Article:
Specifying a Climate Bet
As I mentioned in the comments on this post, I am currently in the process of negotiating a bet on Anthropogenic Global Warming (AGW) with another blogger. The challenges are interesting, so I thought I’d give you a peek inside the sausage factory.
The first point to note is that the potential counterparty and I are good candidates for a bet. We both are acting as reasonable Bayesians (neither of us have extreme, ideologically-driven views). We both appear to have a decent grasp of the domain. We both have publicly stated our beliefs.
I believe that the underlying warming signal is +.05 deg C per decade and he thinks it’s +.15 deg C per decade. We have agreed that an over-under bet on a decadal trend of +.10 deg C is fair and that 2000 to 2020 should be the measurement period. So far so good. But now things get sticky.
We have to specify how to determine who wins the bet. Now, there’s no big red thermometer sticking out of the North Pole that shows the temperature for the entire Earth. So we have to choose a global temperature “product”. There are several alternatives: GISSTEMP, HadCRUT, RSS, and UAH. The first two use land-based thermometers and the second two use satellite-based microwave sensors. Neither approach is perfect.
However, I refuse to use any of land-based products as a reference for a bet on AGW. They tend to reflect land-use changes as much as climate changes. Two separate papers have concluded that about 40% to 50% of the warming signal from these sources could be attributable to increased economic development around previously rural stations. The actual “boots on the ground” issues with station siting are well documented here. Pave a road or install an air conditioner near a thermometer and voila, instant warming.
Satellite products are no paragon of accuracy either. They actually measure microwave radiation and use a model to infer the temperature. Several refinements over the years have corrected for things like orbital drift, which makes one wonder what other issues are lurking. Moreover, the record contains readings from several different satellites, each with multiple sensors (which degrade over time, BTW). The research groups behind the products use overlapping samples to calibrate new data streams, but that’s not a foolproof process by any means.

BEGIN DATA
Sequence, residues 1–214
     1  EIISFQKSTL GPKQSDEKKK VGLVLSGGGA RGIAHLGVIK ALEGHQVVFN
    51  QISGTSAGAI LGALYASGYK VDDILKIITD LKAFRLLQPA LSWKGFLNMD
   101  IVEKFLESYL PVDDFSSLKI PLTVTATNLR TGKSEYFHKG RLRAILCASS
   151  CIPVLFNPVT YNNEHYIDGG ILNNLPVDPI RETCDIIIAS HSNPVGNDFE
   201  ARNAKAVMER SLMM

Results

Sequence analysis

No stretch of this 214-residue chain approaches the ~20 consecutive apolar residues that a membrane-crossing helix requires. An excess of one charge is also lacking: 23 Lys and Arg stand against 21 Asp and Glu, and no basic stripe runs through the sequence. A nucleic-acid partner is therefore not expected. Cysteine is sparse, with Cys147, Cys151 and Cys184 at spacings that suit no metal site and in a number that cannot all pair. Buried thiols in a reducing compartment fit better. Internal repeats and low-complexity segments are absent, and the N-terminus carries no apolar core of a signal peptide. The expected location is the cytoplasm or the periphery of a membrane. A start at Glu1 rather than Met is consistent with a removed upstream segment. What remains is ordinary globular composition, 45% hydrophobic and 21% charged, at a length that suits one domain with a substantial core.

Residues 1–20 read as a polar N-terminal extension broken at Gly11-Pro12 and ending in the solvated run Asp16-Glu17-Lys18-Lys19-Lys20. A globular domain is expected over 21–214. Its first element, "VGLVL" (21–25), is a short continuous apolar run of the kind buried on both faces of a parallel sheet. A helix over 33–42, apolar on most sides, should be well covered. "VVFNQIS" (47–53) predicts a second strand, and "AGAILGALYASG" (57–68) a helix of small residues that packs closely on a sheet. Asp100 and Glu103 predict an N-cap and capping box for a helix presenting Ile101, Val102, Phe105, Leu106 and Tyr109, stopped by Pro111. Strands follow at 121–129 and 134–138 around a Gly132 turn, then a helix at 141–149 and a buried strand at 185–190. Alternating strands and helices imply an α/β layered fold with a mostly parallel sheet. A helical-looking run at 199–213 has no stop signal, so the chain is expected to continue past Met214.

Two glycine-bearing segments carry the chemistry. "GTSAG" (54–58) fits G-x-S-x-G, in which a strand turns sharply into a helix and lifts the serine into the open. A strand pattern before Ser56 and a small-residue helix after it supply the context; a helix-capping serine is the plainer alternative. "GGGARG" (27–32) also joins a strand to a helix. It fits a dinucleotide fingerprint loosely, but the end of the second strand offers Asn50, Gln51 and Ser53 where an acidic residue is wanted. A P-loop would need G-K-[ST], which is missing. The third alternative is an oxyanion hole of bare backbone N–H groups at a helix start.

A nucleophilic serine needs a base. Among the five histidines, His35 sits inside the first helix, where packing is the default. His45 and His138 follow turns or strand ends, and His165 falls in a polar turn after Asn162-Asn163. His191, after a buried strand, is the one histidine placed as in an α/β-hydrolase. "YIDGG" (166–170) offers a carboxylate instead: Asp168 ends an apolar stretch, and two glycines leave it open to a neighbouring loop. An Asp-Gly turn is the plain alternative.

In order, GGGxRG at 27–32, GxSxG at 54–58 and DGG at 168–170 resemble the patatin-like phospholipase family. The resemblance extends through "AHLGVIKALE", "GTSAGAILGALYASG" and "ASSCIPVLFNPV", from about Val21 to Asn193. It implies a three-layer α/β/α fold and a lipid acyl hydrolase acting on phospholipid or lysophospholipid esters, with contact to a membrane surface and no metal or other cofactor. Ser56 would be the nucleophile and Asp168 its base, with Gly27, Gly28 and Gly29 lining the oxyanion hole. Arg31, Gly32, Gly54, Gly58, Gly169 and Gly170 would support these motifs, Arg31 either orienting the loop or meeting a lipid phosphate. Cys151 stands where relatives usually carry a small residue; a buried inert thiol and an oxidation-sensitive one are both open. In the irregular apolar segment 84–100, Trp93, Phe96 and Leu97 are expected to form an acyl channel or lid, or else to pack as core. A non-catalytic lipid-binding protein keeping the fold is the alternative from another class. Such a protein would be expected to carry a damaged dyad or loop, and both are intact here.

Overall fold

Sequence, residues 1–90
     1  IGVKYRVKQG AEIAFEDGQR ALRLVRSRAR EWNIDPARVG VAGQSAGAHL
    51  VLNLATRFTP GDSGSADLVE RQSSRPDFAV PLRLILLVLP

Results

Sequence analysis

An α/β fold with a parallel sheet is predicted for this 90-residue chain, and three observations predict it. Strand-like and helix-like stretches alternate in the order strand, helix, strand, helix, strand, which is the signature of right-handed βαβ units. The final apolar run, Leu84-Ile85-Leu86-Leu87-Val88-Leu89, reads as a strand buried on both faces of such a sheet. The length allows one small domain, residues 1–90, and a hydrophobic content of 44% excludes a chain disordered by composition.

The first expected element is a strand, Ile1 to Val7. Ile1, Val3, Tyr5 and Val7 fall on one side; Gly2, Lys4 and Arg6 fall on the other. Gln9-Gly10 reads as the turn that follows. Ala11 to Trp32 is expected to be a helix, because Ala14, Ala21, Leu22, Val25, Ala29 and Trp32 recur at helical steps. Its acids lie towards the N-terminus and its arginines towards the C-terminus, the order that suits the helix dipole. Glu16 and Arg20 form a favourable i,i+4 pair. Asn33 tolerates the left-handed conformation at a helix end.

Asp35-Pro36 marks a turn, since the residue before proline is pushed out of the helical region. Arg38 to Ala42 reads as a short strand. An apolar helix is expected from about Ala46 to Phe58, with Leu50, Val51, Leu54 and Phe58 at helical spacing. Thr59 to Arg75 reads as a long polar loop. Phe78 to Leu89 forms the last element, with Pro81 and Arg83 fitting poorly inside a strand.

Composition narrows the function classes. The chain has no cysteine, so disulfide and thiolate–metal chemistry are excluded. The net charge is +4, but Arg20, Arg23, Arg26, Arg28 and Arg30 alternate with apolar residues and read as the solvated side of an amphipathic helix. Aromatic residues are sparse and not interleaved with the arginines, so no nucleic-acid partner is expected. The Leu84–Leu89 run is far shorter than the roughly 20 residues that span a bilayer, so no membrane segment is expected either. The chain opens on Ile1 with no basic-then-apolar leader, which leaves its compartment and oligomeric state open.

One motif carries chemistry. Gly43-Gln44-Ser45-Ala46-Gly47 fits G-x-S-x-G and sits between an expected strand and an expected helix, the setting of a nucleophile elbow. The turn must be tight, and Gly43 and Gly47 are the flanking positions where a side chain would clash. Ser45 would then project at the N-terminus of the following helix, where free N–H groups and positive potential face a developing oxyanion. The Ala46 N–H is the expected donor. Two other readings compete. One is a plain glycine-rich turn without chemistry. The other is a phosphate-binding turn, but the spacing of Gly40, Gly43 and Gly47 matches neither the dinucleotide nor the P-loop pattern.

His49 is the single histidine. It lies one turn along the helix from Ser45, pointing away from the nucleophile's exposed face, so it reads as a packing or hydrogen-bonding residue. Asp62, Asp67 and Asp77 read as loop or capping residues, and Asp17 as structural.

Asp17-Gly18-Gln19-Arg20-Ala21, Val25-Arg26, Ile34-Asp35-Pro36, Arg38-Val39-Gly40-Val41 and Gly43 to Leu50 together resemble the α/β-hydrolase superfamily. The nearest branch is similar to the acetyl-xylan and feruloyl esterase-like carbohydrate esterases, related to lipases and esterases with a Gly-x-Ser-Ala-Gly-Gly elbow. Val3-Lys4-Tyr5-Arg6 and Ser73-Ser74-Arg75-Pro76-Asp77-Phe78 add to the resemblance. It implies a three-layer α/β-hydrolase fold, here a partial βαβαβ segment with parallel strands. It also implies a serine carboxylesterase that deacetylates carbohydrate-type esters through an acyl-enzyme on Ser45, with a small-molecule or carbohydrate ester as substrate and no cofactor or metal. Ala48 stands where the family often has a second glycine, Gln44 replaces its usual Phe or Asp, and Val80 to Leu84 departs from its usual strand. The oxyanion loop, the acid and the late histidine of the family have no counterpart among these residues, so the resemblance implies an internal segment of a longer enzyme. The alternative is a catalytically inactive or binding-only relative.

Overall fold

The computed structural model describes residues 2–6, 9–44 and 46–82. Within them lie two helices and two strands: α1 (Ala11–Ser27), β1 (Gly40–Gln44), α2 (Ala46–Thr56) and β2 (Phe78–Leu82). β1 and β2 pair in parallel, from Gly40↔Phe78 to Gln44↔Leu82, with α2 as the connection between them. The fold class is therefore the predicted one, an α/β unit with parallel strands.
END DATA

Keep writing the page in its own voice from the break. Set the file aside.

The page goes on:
In the end, it comes down to coverage. Satellites gives us much denser, homogeneous, and consistent coverage of temperature readings. I think they are therefore much less likely to be systematically biased in detecting trends.
Unfortunately, our quest doesn’t end there. Satellites actually generate temperature data for several different altitudes and latitudes. Which of these best reflect AGW climatic processes? To find out, I consulted with Ross McKitrick and Roy Spencer, two well-known scientists with relevant expertise. He proposes linking AGW-targeted interventions to the tropical troposphere termperature (T3) because all the climate models we currently have produce T3 warming as a unique signature attributable to CO2 increases. Unsurprisingly, Ross asserted that if the counterparty was unwilling to use T3, he didn’t really believe in significant AGW.
I take a slightly different philospohical posture from Ross. The scenarios where T3 is a signature of significant AGW are logically a subset of all scenarios where significant AGW occurs. Sure it could be the same set, but it could be smaller. Therefore, it would not be in the the potential counterparty’s strategic interest to limit the scenarios in which he wins. So I suggested we go with Roy’s suggestion of using the global lower troposphere series as most representative of the climate we care about.
There is one more wrinkle. I had originally suggested we use the three year averages around 2000 and 2020 as the basis for the bet. Given my academic background, I am a bit embarassed by this. Both Ross and Roy pointed out that this bet would be more about big climate events around 2020 than general trends. A big El Nino and I lose. A big volcanic eruption and I win. Not exactly the prediction we intend to measure.
They both suggested we calculate the linear trend from 2000 to 2020 using least squares regression. A decadal trend greater than .10 and I lose. Smaller than .10 and I win. This was the obvious approach in retrospect and I have suggested it to the potential counterparty.
More news as events warrant.